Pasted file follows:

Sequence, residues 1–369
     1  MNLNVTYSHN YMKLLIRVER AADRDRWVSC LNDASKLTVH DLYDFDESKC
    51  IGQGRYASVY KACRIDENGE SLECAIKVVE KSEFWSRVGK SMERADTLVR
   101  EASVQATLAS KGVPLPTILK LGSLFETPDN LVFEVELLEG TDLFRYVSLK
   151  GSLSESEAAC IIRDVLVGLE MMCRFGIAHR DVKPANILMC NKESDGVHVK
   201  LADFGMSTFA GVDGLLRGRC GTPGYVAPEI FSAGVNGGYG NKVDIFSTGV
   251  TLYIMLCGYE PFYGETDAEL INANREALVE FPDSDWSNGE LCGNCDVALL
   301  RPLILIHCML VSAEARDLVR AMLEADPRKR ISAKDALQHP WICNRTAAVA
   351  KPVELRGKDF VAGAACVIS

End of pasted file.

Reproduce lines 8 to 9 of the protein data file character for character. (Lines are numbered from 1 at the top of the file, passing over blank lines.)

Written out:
   301  RPLILIHCML VSAEARDLVR AMLEADPRKR ISAKDALQHP WICNRTAAVA
   351  KPVELRGKDF VAGAACVIS